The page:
Video in Windows

IDR demonstrated the CMD card to the Reuters board of directors. Robert Maxwell hammered on the boardroom table, demanding to know the name of the company that developed it. Thankfully, David Russell refused to say.

A month later, I arrived at IDR’s office on Long Island; apart from the brief burst of Fawlty Towers, I had yet to see the CMD in action. As David Russell watched the video streaming into the window, he saw oil rigs blazing, riots in the streets and anything else that might prompt a trader to press the ‘buy or sell’ button. I saw wire frame models of objects, features extracted from faces and any other visual widget that would act as a prompt for a piece of AI software. Only one person in the room had the foresight to see kittens and dogs on skateboards. ‘Great for watching porn in the office,’ he said. We certainly missed that one, but it would be another decade at least before the World Wide Web and YouTube found their way into people’s homes and offices. However, a decade is a long time in IT and I was focused on the next ten months.

For now, the industry was still struggling with a concept Microsoft was calling ‘Multimedia’. The Redmond-based company believed the marriage of the computer and television was imminent, and it was going to make sure that both used the Windows operating system. Microsoft put their money where their dreams were and, in doing so, distorted the market for the CMD and all other video input devices.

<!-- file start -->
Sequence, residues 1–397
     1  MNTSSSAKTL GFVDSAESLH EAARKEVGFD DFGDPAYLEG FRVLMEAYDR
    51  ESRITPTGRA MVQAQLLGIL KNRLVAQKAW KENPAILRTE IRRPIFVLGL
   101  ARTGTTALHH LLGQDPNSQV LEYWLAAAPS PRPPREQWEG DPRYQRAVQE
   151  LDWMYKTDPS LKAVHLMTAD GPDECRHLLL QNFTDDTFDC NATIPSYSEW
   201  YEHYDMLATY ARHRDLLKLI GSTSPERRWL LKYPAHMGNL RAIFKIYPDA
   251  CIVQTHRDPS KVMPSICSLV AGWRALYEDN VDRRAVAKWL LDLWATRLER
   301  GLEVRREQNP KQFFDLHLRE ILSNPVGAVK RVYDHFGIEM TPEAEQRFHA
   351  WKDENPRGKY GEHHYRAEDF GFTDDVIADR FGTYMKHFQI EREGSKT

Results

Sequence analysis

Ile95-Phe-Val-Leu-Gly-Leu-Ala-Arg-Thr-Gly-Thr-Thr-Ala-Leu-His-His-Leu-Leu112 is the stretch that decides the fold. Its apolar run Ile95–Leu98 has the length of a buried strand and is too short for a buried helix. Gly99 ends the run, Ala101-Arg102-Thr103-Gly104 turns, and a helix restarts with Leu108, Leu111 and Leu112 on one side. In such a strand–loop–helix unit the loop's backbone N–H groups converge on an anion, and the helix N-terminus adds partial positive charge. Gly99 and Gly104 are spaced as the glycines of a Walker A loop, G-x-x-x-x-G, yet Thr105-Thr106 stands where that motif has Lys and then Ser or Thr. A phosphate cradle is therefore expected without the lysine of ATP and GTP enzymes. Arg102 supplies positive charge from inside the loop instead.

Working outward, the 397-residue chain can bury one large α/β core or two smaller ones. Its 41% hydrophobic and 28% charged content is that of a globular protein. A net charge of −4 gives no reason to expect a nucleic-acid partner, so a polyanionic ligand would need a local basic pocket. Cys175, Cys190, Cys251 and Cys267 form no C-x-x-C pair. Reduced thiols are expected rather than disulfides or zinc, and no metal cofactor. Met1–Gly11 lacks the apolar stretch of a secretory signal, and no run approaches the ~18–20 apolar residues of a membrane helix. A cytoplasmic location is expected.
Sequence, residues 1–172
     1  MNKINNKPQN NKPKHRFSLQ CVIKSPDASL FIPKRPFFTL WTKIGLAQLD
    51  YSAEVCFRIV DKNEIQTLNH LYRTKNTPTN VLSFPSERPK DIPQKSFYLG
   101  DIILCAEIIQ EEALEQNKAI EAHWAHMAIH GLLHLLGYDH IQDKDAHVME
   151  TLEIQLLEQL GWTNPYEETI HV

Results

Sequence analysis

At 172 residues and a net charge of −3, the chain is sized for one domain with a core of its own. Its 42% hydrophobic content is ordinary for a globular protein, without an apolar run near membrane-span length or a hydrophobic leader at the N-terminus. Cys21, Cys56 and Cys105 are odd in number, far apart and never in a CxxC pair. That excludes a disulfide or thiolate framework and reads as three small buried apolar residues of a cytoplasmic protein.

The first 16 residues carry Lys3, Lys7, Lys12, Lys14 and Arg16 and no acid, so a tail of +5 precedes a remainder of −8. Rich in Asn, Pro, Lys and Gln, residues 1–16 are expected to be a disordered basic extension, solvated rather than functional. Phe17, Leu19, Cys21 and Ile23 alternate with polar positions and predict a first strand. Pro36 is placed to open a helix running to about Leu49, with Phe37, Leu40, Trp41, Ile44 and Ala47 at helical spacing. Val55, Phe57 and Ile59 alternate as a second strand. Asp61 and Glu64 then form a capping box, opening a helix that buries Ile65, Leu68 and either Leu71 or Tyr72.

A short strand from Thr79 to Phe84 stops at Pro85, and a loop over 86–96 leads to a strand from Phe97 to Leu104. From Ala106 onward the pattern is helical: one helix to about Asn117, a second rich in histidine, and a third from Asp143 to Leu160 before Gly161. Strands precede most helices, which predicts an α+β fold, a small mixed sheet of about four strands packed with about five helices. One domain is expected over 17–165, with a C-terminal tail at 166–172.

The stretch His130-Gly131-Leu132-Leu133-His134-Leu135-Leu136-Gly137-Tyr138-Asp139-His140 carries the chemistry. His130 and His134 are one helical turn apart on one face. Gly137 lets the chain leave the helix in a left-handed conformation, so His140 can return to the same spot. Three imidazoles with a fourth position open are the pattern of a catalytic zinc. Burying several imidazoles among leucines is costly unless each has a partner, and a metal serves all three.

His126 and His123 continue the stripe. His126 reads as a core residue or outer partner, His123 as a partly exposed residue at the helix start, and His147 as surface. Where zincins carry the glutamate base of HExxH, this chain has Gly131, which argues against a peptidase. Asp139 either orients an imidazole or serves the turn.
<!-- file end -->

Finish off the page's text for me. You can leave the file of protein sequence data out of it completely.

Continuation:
The CMD would become our MicroEye IIC – the ‘C’ for colour, obviously. IDR would supply the card, with the Digithurst logo on it, for a deeply discounted price. We weren’t expected to sell the CMD in quantity and IDR believed most of the cards would be used in trading terminals. We had other ideas and I spent the flight back to London working out how to pitch our new MicroEye to SMV.

Had my father returned to Germany after the Second World War, or if he had realised that Gerde, the girl he intended to marry, wasn’t missing somewhere in East Germany but living in the West, my life would have turned out differently. After college, I spent the summer of 1976 in Köln with Gerde. Her daughter worked as a PA to a director of Lufthansa. Obviously, it was just a coincidence, but I was usually at the top of the list when the flight upgrades were handed out. The person in the seat next to me on the flight from JFK to Frankfurt had arrived in New York on same day as me. A TV reporter covering Gorbachev’s visit to America; cut short by the earthquake in Armenia. ‘Who do you work for?’ He asked. Folding back the technology page of the Financial Times, I pointed to the article on Digithurst’s move into multimedia. I had left school in 1969, a month before my 16th birthday, expecting to spend the next fifty years working in a factory. Out of the window, a last glimpse of Long Island and slight apprehension as the 747 headed out across the Atlantic. It wasn’t a fear of heights, just a mild case of corporate vertigo …

- 00110001 -



... (An extract from The Ghost in the Labyrinth by Peter Kruger)


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